…from a very early age I helped my father with the farm work such as weeding, planting potatoes, picking fruit, droving stock and general farm hand…
My parents, Jim and Blanche Draper, lived on the family farm at ‘Barton Hill’, Running Creek Road, Arthurs Creek. I was their third child in a family of five boys and four girls. My father was born at ‘Charnwood’, Arthurs Creek on 9 January 1863. The name Chester was from the surname of Charles Draper’s wife and as my father was also James, I was mostly known by my second name.
My parents were married at St Paul’s Cathedral, Melbourne on Christmas Eve 1900. My mother was Blanche Hurrey whose family lived at ‘Craigie Lee’, Yan Yean, on the corner of Old Plenty Road and Arthurs Creek Road.
When my older brother Tom and sister Catherine commenced school, they lived with my father’s sister, Mary Hurrey at Egremont Street, North Fitzroy, where she and her husband James ran Hurrey Brothers Dairy. This continued until I was aged six years and nine months.
My father had sixty acres of orchard consisting of apples, pears, plum and apricots. He also grew strawberries and carrots, oaten hay, barley and other small crops. From a very early age I helped my father with the farm work such as weeding, planting potatoes, picking fruit, droving stock and general farm hand.
When my aunt Mary died suddenly in September 1911, Catherine and Tom came home, and with my younger sister Lily, the four of us went to Yan Yean State School. No 697. We were sent in a spring cart with a steady old mare called Kate. Cathie being oldest was given the job of driver, a job quite new to her. Kate took us down the paddock towards the road gate, but turned to go to the water-hole. It was a narrow gateway. The cart stuck on the gate post and broke the step of the cart. Kate was ‘backed’ from the gateway. We got to school and returned at night feeling quite satisfied with our adventure.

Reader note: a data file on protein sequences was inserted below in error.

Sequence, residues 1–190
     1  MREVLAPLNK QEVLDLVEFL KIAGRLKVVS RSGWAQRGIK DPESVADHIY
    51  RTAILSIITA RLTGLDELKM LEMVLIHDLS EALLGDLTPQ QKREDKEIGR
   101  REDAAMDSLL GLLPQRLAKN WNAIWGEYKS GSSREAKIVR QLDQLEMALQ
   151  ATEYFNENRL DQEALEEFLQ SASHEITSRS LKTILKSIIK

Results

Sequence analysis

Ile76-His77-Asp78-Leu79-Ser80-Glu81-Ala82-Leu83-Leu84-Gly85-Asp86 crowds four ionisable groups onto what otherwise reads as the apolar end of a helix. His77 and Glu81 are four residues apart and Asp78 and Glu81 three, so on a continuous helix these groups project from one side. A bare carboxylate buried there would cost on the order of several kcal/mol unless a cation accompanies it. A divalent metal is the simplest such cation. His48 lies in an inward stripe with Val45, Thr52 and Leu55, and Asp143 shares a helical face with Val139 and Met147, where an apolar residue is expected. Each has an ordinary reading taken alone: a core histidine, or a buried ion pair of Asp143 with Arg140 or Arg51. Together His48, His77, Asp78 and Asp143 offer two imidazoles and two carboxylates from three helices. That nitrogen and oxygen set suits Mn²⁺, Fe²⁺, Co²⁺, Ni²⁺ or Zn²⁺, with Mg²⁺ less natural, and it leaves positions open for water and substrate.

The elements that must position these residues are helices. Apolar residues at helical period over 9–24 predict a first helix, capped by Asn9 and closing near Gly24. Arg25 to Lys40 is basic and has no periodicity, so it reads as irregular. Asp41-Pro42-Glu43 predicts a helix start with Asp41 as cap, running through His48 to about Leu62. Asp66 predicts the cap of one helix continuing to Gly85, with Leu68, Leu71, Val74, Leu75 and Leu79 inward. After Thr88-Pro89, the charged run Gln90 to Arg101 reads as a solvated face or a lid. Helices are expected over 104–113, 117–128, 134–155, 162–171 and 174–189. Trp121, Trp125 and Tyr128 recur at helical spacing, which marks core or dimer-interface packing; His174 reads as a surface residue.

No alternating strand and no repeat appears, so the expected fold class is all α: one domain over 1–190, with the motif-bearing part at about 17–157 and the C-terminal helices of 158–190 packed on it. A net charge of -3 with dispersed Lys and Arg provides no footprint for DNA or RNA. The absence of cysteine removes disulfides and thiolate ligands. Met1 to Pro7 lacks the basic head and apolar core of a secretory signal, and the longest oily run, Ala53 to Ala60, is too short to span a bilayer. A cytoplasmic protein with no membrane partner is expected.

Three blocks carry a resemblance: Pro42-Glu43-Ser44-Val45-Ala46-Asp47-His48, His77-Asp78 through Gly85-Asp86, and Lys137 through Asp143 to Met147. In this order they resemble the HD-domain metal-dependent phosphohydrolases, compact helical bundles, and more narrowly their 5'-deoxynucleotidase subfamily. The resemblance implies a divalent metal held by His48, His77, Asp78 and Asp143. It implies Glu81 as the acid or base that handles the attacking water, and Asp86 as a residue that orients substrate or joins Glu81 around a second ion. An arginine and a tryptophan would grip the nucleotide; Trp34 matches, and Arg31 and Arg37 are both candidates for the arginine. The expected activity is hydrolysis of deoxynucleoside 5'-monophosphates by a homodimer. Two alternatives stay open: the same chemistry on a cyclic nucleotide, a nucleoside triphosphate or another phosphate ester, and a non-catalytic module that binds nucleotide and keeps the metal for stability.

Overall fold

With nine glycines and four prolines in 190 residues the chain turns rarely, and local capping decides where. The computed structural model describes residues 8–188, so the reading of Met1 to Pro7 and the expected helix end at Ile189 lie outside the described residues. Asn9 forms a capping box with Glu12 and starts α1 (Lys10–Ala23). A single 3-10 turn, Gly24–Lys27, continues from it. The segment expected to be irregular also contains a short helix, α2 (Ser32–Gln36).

We liked school and were always ready to learn. The roadside fences were post and rail. There were many advertisements painted on the rails such as Use Pear’s Soap, Pennel’s ANA Manure, Use Velvet Soap and Robur Tea. I very quickly learned to read from the advertisements as there was plenty of competition to correct and spell the ads verbally.
My father had started his school days at Hazel Glen private school in Chapel Lane, which is now part of the Doreen area. The School was run by Mr. and Mrs. Smith. My father and some other members of the family had each to take six pence to school on a Monday. If there was no money, they were sent home. State School No 1666 was opened at Arthurs Creek in 1876.
There were over thirty children attending the Yan Yean State School when we started school there. There were eight grades and one teacher – Alfred Babbage who was Teacher from 1909 to 1918. He was strict and used the strap fairly freely. He was also bad tempered but put his whole life into his job. All nine of us gained our Merit Certificate.
On leaving school it was back to farm work on a continuous basis. School holidays provided opportunities for much adventure and experience. My father had 1,300 acres of land at Glenburn (near Yea). He let this land for seven years up to about 1910, when he took me along to poison rabbits. We left the road at Glenburn to travel through paddocks on unmade roads for five miles. We had two horses in the spring cart and had to cut off a few trees since he had last been in with a cart. I was following, riding bare back on a pony.